This Article is From Jul 10, 2012

Best Bakery case: Bombay High Court gives clean chit to defence lawyers

Best Bakery case: Bombay High Court gives clean chit to defence lawyers
Mumbai: In a major relief to defence lawyers representing the 9 accused in the Best Bakery riots case, the Bombay High Court has given them a clean chit calling the lower court's observations against them as "uncalled for".

The Bombay High Court on Monday had acquitted 5 of the 9 accused, even as it upheld the life sentences awarded to 4 accused by a lower court in 2006. The high court said there wasn't enough evidence against the acquitted accused. On March 1, 2002, 14 people - including women and children - were burnt to death in Vadodara after the riots broke out.

The high court judgement observed that Judge Abhay Thipsay had said in his 2006 judgement that the defence lawyers were in collusion with the witnesses who turned hostile during the re-trial in Mumbai. The lower court had also said the star eyewitness Zaheera Sheikh appeared to have been given "monetary inducements" without mentioning who had paid them.

The clean chit gains significance not only because of the trial court's observations, but it also has political implications.

During the first trial in Gujarat in 2003, Zaheera and 36 witnesses had turned hostile. She had told the Supreme Court that they did so as they were intimidated by families of the accused. The apex court then ordered a re-trial, slamming the Narendra Modi-led BJP government and in an unprecedented move had transferred the case to the neighbouring state of Maharashtra.

Allegations were also made against defence and prosecution lawyers then that they were  hand in glove with certain BJP leaders.

"Sometimes words harm more than weapons and this is what happened in this case," Justice PD Kode observed in his judgement today.

"This is a huge relief as now the Bombay High Court has even expunged these uncalled for observations," defence advocate DS Jambaulikar told NDTV.

However, the set of lawyers representing the accused in the retrial in Mumbai and during the first trial in Gujarat are different.

The high court also asked the Gujarat government to compensate the four witnesses with Rs 3 lakhs each and deposit the amount with the court within 8 weeks.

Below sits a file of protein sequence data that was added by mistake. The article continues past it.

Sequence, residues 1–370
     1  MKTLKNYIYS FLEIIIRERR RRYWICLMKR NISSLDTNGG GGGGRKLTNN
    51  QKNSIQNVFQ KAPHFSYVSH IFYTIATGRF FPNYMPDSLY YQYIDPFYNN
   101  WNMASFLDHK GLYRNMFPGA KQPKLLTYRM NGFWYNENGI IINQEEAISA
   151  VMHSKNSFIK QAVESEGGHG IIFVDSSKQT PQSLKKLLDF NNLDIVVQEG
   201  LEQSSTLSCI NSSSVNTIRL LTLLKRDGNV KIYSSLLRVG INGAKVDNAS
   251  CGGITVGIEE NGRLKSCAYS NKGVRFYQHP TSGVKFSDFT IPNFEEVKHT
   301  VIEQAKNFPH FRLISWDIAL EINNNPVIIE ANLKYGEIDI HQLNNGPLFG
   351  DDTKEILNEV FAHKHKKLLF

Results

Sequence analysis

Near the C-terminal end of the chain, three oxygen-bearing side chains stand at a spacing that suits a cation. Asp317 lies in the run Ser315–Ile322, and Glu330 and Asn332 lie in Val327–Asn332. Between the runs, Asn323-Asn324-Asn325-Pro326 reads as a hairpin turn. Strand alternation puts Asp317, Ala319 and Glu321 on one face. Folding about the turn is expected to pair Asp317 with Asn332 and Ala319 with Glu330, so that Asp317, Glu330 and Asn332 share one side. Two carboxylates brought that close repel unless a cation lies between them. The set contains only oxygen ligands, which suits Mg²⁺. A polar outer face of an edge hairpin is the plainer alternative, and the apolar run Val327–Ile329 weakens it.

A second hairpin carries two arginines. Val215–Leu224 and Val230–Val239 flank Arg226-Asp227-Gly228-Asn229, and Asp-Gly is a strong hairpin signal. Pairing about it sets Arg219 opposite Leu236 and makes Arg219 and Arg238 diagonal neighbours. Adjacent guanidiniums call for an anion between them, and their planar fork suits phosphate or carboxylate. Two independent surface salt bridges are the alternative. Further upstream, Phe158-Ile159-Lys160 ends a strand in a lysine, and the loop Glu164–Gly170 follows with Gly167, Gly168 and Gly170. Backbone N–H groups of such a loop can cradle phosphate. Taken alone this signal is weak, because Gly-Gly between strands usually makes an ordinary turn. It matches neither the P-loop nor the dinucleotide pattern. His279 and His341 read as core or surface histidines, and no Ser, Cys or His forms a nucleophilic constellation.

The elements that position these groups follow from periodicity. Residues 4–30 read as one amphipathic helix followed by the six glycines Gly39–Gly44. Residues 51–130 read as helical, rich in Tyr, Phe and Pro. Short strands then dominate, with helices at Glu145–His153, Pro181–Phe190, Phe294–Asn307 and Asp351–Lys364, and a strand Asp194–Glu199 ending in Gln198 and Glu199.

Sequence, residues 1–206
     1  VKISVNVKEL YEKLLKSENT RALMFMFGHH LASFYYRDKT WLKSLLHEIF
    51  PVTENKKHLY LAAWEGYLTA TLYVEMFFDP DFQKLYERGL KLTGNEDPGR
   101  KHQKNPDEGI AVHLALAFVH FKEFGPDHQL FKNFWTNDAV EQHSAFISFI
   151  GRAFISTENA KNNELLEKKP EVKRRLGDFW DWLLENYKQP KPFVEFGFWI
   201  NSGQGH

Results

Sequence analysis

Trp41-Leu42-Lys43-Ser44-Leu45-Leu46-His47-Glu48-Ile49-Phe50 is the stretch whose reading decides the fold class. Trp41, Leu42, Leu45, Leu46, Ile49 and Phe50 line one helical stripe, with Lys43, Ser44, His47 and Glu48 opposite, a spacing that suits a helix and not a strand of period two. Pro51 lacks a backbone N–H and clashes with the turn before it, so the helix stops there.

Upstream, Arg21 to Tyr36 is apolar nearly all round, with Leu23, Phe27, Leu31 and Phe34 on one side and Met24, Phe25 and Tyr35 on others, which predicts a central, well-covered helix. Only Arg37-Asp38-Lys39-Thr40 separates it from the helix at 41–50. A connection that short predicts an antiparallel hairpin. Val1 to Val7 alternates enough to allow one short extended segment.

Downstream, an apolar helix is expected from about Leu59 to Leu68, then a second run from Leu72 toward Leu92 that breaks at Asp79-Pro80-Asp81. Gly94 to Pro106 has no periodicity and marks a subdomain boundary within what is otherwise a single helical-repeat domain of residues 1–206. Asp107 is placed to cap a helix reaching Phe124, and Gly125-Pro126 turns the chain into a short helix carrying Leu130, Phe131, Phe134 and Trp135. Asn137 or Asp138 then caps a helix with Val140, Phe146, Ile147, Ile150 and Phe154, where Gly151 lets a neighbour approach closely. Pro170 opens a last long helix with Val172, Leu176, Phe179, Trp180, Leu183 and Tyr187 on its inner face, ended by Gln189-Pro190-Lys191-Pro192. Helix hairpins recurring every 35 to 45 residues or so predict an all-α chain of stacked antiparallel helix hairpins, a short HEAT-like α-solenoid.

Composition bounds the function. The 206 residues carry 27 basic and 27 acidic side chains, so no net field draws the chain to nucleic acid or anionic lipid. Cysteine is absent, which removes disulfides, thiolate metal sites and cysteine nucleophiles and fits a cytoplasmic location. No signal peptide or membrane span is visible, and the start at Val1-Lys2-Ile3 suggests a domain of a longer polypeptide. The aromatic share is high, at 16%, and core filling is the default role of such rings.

In this case witnesses have suffered a lot and injury suffered by them can't be compensation by money, the high court observed.

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The court has also asked the Gujarat government to give the protection to the witnesses under a witness protection program. "Witnesses of such cases should be given different identity and shifted to different states and should not be let on the mercy of both parties," the judgement said.

The court upheld the sentences of the guilty as it found merit in the testimonies given by these four injured eyewitnesses who had identified them on that fateful day armed with swords and sticks. The court also slammed the Gujarat police pointing out that there were serious lapses in the investigation with regard to "recording of statements of witnesses."

BEST BAKERY: CONTROVERSIAL PAST

The Best Bakery case has seen many flip flops since 2003. After the riots, the prime eye witness and complainant Zaheera Sheikh in the case turned hostile along with 36 other witnesses during the trial held in a Vadodara court. The fall out: the court let off all 21 accused.

Zaheera then moved the Supreme Court stating witnesses had turned hostile as they were intimidated by families of the accused. The apex court moved the case to Maharashtra ordering a retrial.

Seventeen accused were retried in a highly secure court in Mumbai but once again Zaheera turned hostile, this time accusing social activist and her one-time guide Teesta Setalvad of tutoring and pressurizing her. Sessions judge Abhay Thipsay, however, convicted 9 of the 17 accused and said in his judgement that Zaheera and her family had lied to the court. ''The evidence of the hostile witnesses leaves in no manner any doubt that they were lying and have been tutored. It also appears that they been given monetary inducements.''

Two months after the judgement, in April 2006, the Supreme Court convicted Zaheera Sheikh for contempt of court and sentenced her to a year's jail term which she served at the Byculla Jail in Mumbai.

After the judgement on Monday, prosecution sources said they would appeal against the order in the Supreme Court.